Medical debt is considered an unsecured debt and it will be discharged through Chapter 7 bankruptcy if you qualify after taking the means test. If you do not qualify for Chapter 7 because you make too much money or don’t have significant expenses other than your medical debt, then you’ll have the option to file Chapter 13. In Chapter 13 bankruptcy you’ll develop a repayment plan to pay off a reduced amount of your debt. Your repayment plan will last about three to five years and when you’ve met all requirements and satisfied all scheduled monthly payments you receive a discharge of your remaining debt, including medical bills.
Medical debt is classified as a non-priority unsecured debt. That means you can completely discharge your medical bills in a Chapter 7 bankruptcy. The Chapter 7 process is usually straight forward for most people without many assets or property and so might be the easiest way to clear your medical debt and start fresh.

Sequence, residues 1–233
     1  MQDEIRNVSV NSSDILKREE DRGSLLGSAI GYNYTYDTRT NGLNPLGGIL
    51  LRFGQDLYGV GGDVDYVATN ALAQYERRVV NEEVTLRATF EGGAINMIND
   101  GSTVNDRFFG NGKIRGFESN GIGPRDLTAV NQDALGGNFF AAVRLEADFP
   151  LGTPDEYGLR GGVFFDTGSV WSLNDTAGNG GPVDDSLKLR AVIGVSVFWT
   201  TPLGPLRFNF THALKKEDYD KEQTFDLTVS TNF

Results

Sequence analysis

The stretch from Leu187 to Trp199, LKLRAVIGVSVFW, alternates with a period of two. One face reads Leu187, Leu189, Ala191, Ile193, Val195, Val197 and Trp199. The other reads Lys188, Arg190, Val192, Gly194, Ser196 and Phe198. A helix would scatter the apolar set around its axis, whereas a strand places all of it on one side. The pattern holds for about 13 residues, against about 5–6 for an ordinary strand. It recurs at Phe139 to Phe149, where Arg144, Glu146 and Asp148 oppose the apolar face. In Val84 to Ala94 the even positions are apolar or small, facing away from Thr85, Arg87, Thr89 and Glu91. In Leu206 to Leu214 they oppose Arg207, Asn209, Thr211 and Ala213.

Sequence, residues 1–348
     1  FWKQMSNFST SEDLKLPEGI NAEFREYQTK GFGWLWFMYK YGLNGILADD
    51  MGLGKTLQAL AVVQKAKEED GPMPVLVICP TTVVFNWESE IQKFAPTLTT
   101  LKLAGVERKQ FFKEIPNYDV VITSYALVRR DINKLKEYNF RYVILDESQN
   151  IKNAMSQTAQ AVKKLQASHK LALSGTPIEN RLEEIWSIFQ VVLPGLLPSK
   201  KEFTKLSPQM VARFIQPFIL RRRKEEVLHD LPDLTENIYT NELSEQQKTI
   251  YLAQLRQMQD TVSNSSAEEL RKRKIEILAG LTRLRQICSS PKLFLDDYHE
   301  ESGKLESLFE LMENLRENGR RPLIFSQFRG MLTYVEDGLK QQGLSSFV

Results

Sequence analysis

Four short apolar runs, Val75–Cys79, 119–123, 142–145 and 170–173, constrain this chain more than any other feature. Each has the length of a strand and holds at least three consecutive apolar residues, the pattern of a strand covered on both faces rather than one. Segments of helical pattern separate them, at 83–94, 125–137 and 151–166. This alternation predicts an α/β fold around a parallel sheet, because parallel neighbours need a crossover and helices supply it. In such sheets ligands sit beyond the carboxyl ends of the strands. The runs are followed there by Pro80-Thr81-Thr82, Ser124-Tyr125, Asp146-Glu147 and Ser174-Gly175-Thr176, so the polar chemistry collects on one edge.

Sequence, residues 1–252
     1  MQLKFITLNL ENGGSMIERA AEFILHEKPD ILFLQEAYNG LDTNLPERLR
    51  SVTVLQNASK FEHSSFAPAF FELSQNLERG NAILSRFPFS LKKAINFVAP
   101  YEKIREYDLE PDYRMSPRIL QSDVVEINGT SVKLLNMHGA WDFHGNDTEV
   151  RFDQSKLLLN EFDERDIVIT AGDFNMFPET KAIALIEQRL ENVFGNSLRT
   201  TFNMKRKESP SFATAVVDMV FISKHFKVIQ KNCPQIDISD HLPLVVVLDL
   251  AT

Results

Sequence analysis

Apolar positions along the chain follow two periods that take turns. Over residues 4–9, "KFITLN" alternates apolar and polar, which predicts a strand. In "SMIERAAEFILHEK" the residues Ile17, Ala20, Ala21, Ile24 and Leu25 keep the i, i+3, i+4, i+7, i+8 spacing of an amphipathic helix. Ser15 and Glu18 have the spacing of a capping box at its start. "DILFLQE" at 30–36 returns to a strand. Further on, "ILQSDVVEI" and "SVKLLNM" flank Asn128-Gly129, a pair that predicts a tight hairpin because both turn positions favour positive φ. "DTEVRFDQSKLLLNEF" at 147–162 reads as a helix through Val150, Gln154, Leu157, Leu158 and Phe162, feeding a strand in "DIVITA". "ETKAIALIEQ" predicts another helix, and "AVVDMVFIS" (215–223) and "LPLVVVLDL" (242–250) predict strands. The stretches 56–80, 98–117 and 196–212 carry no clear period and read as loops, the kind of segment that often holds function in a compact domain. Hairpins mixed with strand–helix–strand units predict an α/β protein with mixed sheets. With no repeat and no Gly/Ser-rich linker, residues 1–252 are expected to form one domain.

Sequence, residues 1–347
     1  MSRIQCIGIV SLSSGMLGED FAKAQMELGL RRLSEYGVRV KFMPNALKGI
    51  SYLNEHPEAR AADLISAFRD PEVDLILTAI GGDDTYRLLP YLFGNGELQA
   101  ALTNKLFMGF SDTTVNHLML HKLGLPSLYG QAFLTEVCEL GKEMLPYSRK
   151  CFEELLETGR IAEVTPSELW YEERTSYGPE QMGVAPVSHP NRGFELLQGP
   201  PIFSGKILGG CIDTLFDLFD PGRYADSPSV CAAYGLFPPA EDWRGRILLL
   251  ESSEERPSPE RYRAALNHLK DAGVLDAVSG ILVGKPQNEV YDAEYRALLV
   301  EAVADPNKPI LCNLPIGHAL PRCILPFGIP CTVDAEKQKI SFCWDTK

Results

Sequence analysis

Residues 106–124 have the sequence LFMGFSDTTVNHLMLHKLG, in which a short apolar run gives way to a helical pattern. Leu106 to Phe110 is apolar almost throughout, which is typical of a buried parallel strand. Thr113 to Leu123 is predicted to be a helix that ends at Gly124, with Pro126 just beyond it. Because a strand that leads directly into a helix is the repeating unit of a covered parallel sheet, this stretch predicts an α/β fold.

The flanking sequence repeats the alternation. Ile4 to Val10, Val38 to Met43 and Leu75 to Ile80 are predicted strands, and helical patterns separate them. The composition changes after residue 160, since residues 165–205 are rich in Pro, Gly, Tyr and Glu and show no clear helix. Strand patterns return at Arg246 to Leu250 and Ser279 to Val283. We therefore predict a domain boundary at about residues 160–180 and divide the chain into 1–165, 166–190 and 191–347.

A 2013 study conducted by NerdWallet shows that medical debt is the leading cause of bankruptcy in the United States. This doesn’t indicated that people without health insurance are the only people filing bankruptcy, it indicates that premiums and yearly deductibles are too high for many. The study estimates that nearly 10 million adults with year-round health insurance will have medical bills they cannot pay, potentially leading to more credit card debt and more bankruptcies to reduce and eliminate their medical debt.
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